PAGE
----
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No one knows exactly why but the brain develops differently in people with autism. Finding the cause (or causes) of autism is one of the most challenging areas of medical science. The absence of a clear understanding about what causes autism makes finding effective therapies very difficult. It is now widely accepted by scientists that a predisposition to autism is inherited. It is not clear why a genetic predisposition affects some family members and not others. Autism is no longer attributed, as it once was, to lack of affection in the child's mother. Levels of autism appear to be rising but that may be the result of improved detection, identification and diagnosis. There are currently no biological tests to confirm a diagnosis of autism. Identification of the condition is at present based solely on observed behaviours. Research is also taking place to establish the part played, if any, by environmental factors either prenatally or after a child is born. Autism spectrum disorders are some of the most common developmental disorders, with up to 1 in 100 school children affected, compared to: 1 in 500 affected by cerebral palsy 1 in 3,000 affected by cystic fibrosis 1 in 4,000 affected by juvenile diabetes 6,000 children received a diagnosis of autism in England and Wales in 2005, compared to: 1,300 diagnoses of childhood cancer including around 360 of childhood leukaemia.

How common is autism?
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While many people with autism and their families will cope well with the additional challenges autism brings, the emotional impact of autism is often difficult and sometimes devastating for people with autism and the families of those affected. In the case of high-functioning people with autism, levels of mental health problems and depression are high as individuals struggle to cope in everyday society. Whilst many people argue that people with autism should be regarded simply as different rather than 'disordered', there is no doubt of the very real distress that autism can cause.

For the individual with autism, the world can be a confusing and lonely place, where everyone except them understands the rules of appropriate behavior. People with low functioning autism may have no speech and complex special needs and may need full-time care. Research by the National Autistic Society shows: 4 out of 10 children have no friends 4 out of 10 children are bullied at school A quarter of children with autism are excluded from school Only 6% of people with autism are able to achieve full-time employment For the family of an autistic child life is often stressful. Parents and siblings usually have to cope with unyielding challenging behavior and possibly sleep deprivation, as many children with autism do not sleep for long periods of time. Because children and adults with autism find it difficult to manage in social situations, many families become isolated. Added to this, is the difficult and lengthy processes to obtain from local authorities the special education to which children with autism are entitled. Many parents with autistic children believe that they will be primary career for life and are often very concerned about what will happen to their child when they die. The stresses to family life can lead to relationship breakdowns, divorce and, in extreme circumstances, suicide. Just under half of parents of children with autism experience mental distress. The economic impact of autism is beginning to be realized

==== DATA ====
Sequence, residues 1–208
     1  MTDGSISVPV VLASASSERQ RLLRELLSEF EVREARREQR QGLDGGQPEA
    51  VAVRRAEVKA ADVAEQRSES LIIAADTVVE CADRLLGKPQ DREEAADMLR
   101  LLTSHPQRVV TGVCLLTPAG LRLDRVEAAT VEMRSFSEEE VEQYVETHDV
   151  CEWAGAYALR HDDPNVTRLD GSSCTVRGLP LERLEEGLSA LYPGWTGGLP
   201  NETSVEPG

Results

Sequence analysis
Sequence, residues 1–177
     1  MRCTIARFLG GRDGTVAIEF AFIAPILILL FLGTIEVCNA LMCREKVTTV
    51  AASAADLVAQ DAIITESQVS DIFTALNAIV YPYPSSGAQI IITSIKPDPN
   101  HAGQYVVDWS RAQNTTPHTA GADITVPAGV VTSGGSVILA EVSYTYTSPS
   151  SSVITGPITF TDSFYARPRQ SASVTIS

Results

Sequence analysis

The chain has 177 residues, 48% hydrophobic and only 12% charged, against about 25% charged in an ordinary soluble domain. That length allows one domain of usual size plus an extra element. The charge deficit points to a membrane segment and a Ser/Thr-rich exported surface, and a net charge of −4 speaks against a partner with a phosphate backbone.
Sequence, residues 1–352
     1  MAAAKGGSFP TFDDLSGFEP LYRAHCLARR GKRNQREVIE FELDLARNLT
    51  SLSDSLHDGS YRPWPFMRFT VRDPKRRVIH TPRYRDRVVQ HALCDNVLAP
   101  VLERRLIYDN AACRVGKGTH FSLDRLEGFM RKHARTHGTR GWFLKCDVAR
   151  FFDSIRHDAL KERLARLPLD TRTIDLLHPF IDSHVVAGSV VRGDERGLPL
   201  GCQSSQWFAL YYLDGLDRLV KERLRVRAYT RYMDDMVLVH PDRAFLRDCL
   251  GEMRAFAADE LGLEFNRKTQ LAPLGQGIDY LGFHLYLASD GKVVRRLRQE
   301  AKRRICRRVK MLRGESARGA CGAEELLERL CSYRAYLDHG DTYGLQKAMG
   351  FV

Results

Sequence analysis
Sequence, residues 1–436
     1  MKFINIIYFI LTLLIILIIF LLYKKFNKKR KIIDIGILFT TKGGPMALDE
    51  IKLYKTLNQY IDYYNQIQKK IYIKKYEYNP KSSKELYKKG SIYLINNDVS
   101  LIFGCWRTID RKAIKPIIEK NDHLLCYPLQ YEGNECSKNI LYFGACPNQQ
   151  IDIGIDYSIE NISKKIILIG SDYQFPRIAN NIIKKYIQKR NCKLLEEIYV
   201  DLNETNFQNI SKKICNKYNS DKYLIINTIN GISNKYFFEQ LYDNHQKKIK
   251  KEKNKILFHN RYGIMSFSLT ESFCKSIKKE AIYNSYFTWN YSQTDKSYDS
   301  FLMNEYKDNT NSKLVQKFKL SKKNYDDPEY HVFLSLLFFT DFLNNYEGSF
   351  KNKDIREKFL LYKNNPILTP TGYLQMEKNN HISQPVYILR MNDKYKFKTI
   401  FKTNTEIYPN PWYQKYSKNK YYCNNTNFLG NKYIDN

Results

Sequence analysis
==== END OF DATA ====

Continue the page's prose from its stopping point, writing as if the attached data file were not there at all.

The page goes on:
What is Asperger's Syndrome?

What distinguishes Asperger's Syndrome from autism is the severity of the symptoms and the absence of language delays. Children with Asperger's may be only mildly affected and frequently have good language and cognitive skills. To the untrained observer, a child with Asperger's may seem just like a normal child behaving differently. They may be socially awkward, not understanding of conventional social rules, or show a lack of empathy. They may make limited eye contact, seem to be unengaged in a conversation, and not understand the use of gestures. One of the major differences between Asperger's Syndrome and autism is that, by definition, there is no speech delay in Asperger's. In fact, children with Asperger's frequently have good language skills; they simply use language in different ways. Speech patterns may be unusual, lack inflection, or have a rhythmic nature or it may be formal, but too loud or high pitched. Children with Asperger's may not understand the subtleties of language, such as irony and humor, or they may not recognize the give-and-take nature of a conversation. Another distinction between Asperger's Syndrome and autism concerns cognitive ability. While some individuals with autism experience mental retardation, by definition a person with Asperger's cannot possess a "clinically significant" cognitive delay, and most possess average to above-average intelligence.

Why is early intervention so important?

Early intervention is defined as services delivered to children from birth to age 3, and research shows that it has a dramatic impact on reducing the symptoms of autism spectrum disorders. Studies in early childhood development have shown that the youngest brains are the most flexible. In autism, we see that intensive early intervention yields a tremendous amount of progress in children by the time they enter kindergarten, often reducing the need for intensive supports.